What’s the problem here? Well, the functions are declaimed to be inline, so SBCL records their source code. Their source code is generated by a macroexpander, and so is made up of conses that are generated programmatically (as opposed to freshly consed by the reader). That source code is then stored as a literal object in an object file, which means in practice that instructions for reconstructing a similar object are dumped, to be executed when the object file is processed by load.

Backquote is a reader macro that expands into code that, when evaluated, generates list structure with appropriate evaluation and splicing of unquoted fragments. What does this mean in practice? Well, one reasonable implementation of reading `(type ,type value) might be:

(cons 'type (cons type '(value)))

and indeed you might (no guarantees) see something like that if you do

(macroexpand '`(type ,type value))

in the implementation of your choice. Similarly, reading `(setf (elt thing ,n) value) will eventually generate code like

(cons 'setf (cons (cons 'elt (list 'thing n)) '(value)))

Now, what is “similar”? In this context, it has a technical definition: it relates two objects in possibly-unrelated Lisp images, such that they can be considered to be equivalent despite the fact that they can’t be compared:

similar adj. (of two objects) defined to be equivalent under the similarity relationship.

similarity n. a two-place conceptual equivalence predicate, which is independent of the Lisp image so that two objects in different Lisp images can be understood to be equivalent under this predicate. See Section 3.2.4 (Literal Objects in Compiled Files).

Following that link, we discover that similarity for conses is defined in the obvious way:

Two conses, S and C, are similar if the car of S is similar to the car of C, and the cdr of S is similar to the cdr of C.

and also that implementations have some obligations:

Objects containing circular references can be externalizable objects. The file compiler is required to preserve eqlness of substructures within a file.

and some freedom:

With the exception of symbols and packages, any two literal objects in code being processed by the file compiler may be coalesced if and only if they are similar [...]

Put this all together, and what do we have? That def macro above generates code with similar literal objects: there are two instances of '(value) in it. A host compiler may, or may not, choose to coalesce those two literal '(value)s into a single literal object; if it does, the inline expansion of foo (and bar) will have a circular reference, which must be preserved, showing up as a difference in the object files produced during the SBCL build. The fix? It’s ugly, but portable: since we can’t stop an aggressive compiler from coalescing constants which are similar but not identical, we must make sure that any similar substructure is in fact identical:

(macrolet ((def (name type n)
             (let ((value '(value)))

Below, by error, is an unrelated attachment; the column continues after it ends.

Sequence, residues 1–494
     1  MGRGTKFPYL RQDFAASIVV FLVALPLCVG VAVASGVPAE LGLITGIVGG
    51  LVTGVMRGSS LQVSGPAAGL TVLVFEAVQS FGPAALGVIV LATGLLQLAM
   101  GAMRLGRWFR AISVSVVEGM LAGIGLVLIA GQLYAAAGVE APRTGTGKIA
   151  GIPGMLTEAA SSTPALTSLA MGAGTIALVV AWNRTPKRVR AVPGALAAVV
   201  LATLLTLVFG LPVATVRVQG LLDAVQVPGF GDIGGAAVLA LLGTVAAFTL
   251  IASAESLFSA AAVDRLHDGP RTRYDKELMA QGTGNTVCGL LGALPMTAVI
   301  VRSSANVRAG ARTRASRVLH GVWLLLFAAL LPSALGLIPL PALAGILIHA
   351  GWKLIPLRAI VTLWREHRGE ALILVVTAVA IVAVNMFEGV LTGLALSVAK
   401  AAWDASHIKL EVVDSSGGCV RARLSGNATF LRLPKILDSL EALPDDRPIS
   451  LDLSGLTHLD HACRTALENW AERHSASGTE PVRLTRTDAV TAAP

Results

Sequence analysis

`(progn
                  (declaim (inline ,name (setf ,name)))
                  (defun ,name (thing)
                    (declare (type simple-vector thing))
                    (the ,type (elt thing ,n)))
                  (defun (setf ,name) (value thing)
                    (declare (type simple-vector thing))
                    (declare (type ,type . ,value))
                    (setf (elt thing ,n) . ,value)))))
  (def foo fixnum 0)
  (def bar string 1))

Having dealt with a problem with quote, and a problem with backquote, what might the Universe serve up for my third problem? Naturally, it would be a problem with a code walker. This code walker is somewhat naïve, assuming as it does that its body is made up of forms or tags; it is the assemble macro, which is used implicitly in the definition of VOPs (reusable assembly units); for example, like

(assemble ()
  (move ptr object)
  (zeroize count)
  (inst cmp ptr nil-value)
  (inst jmp :e DONE)
 LOOP
  (loadw ptr ptr cons-cdr-slot list-pointer-lowtag)
  (inst add count (fixnumize 1))
  (inst cmp ptr nil-value)
  (inst jmp :e DONE)
  (%test-lowtag ptr LOOP nil list-pointer-lowtag)
  (error-call vop 'object-not-list-error ptr)
 DONE))

which generates code to compute the length of a list. The expander for assemble scans its body for any atoms, and generates binding forms for those atoms to labels:

(let ((new-labels (append labels
                          (set-difference visible-labels inherited-labels))))
  ...
  `(let (,@(mapcar (lambda (name) `(,name (gen-label))) new-labels))
     ...))

The problem with this, from a reproducibility point of view, is that set-difference (and the other set-related functions: union, intersection, set-exclusive-or and their n-destructive variants) do not return the sets with a specified order – which is fine when the objects are truly treated as sets, but in this case the LOOP and DONE label objects ended up in different stack locations depending on the order of their binding. Consequently the machine code for the function emitting code for computing a list’s length – though not the machine code emitted by that function – would vary depending on the host’s implementation of set-difference. The fix here was to sort the result of the set operations, knowing that all the labels would be symbols and that they could be treated as string designators.

And after all this is? We’re still not quite there: there are three to four files (out of 330 or so) which are not bitwise-identical for differing host compilers. I hope to be able to rectify this situation in time for SBCL’s 15th birthday...